Charles Julian Covillaud was a 19th-century landowner in Marysville and the second husband of Mary Murphy Covillaud, for whom Marysville was named.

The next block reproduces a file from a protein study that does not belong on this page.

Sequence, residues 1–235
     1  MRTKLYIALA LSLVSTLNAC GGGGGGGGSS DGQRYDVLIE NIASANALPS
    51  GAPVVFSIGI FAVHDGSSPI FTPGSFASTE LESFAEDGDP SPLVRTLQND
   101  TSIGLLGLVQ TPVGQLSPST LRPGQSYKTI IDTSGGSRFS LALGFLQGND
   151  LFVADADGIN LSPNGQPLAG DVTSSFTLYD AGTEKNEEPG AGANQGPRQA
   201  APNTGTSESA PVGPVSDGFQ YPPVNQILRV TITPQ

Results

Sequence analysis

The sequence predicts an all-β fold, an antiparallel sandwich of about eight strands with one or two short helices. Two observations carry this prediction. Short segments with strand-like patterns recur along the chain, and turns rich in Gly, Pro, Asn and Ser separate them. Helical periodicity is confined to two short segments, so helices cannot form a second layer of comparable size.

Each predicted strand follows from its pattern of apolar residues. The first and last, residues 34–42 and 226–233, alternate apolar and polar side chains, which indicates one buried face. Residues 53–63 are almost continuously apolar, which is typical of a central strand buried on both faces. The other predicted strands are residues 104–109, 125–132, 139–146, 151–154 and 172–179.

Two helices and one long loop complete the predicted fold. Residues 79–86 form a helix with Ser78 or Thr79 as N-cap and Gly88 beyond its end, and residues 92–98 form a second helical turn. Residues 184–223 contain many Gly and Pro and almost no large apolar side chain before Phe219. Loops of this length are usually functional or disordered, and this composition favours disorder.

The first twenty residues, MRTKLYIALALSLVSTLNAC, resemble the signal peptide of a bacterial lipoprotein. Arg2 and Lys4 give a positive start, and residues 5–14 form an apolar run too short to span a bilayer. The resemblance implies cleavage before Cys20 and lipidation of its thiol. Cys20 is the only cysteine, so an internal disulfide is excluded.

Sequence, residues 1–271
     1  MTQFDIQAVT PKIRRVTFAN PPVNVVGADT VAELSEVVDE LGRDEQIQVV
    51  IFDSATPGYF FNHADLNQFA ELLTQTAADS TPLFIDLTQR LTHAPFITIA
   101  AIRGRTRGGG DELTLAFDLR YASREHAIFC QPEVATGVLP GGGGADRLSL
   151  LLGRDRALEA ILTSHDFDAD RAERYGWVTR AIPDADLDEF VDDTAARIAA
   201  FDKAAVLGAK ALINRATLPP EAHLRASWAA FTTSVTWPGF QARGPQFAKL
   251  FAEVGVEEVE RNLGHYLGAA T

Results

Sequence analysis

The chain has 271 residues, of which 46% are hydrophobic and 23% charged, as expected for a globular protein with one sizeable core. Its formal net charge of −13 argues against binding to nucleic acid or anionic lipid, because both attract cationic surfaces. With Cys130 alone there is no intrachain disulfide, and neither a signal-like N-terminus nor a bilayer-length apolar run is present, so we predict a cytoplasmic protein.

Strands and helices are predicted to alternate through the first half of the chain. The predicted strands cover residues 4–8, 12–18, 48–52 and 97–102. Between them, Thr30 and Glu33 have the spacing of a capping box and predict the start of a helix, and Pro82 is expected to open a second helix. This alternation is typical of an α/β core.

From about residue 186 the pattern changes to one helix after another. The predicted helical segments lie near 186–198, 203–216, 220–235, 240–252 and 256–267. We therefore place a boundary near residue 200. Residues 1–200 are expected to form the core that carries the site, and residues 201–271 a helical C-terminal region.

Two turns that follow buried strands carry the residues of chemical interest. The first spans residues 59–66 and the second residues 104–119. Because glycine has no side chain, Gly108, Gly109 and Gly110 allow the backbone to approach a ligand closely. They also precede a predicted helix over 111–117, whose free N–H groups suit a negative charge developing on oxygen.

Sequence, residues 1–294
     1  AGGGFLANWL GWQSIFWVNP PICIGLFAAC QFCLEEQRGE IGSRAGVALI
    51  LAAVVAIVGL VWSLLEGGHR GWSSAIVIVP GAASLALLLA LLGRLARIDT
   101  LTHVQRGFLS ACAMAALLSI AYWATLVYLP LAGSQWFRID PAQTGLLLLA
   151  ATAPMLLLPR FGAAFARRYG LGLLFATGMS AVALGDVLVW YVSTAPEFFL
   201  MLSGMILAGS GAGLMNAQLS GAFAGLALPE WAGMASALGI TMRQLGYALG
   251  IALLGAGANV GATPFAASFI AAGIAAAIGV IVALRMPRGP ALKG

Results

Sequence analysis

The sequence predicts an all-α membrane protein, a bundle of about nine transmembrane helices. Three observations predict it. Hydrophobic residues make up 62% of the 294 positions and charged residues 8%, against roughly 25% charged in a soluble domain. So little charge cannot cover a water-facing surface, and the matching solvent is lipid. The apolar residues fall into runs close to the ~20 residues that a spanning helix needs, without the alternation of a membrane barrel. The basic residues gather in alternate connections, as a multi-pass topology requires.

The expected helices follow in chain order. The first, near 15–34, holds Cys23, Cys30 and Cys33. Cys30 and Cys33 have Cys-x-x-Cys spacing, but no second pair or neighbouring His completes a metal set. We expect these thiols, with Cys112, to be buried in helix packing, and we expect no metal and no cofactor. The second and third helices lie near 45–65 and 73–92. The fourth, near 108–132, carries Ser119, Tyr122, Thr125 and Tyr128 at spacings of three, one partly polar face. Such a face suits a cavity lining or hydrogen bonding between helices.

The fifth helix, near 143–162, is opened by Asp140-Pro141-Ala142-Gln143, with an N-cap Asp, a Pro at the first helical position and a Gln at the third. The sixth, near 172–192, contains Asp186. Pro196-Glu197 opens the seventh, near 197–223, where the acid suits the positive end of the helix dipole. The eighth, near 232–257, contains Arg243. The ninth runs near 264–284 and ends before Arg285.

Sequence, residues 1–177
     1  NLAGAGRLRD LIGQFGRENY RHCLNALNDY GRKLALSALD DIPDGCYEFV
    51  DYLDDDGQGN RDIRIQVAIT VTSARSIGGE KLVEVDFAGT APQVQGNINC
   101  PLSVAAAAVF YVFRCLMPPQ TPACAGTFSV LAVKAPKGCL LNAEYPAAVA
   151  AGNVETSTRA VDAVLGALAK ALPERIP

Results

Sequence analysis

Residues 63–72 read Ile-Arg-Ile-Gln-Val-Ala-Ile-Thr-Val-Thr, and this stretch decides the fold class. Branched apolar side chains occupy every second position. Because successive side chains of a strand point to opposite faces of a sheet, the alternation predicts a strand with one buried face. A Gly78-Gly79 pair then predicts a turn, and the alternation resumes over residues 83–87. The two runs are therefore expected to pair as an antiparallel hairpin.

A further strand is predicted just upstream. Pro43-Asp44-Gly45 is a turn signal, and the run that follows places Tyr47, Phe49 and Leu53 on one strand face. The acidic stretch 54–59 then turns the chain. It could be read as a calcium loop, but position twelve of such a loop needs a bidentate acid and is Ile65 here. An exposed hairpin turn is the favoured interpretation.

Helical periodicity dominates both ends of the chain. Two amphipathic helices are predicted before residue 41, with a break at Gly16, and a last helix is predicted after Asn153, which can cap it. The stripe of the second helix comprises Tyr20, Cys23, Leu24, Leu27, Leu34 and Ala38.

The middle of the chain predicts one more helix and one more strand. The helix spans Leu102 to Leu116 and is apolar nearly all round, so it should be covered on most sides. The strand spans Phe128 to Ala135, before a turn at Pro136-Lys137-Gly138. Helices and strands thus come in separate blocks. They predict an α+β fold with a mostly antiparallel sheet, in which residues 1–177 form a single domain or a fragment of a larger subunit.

Born in Cognac, France, Covillaud moved to New Orleans, Louisiana, in 1841. He lived there until 1843, when he moved to St. Louis, Missouri, to work in a trading enterprise. In 1846, he joined a party of trappers coming to what would soon become known as Marysville. Hired by Theodor Cordua, he was among the first to mine for gold on the Yuba River in 1848. That same year, Cordua decided he could not operate his ranch alone and took Covillaud in as a partner, selling him half the ranch. Covillaud also married Mary Murphy that year. The following year, in 1849, he persuaded Mary's two sisters' husbands, Michael C. Nye and William McFadden Foster, to buy the other half of the ranch from Cordua. Covillaud soon bought this land from his brothers-in-law and reunited it as a single ranch. Later in 1849, Covillaud sold most of the ranch to José Manuel Ramirez, John Sampson, and Theodore Sicard. He died in 1867 and was buried in the Marysville City Cemetery.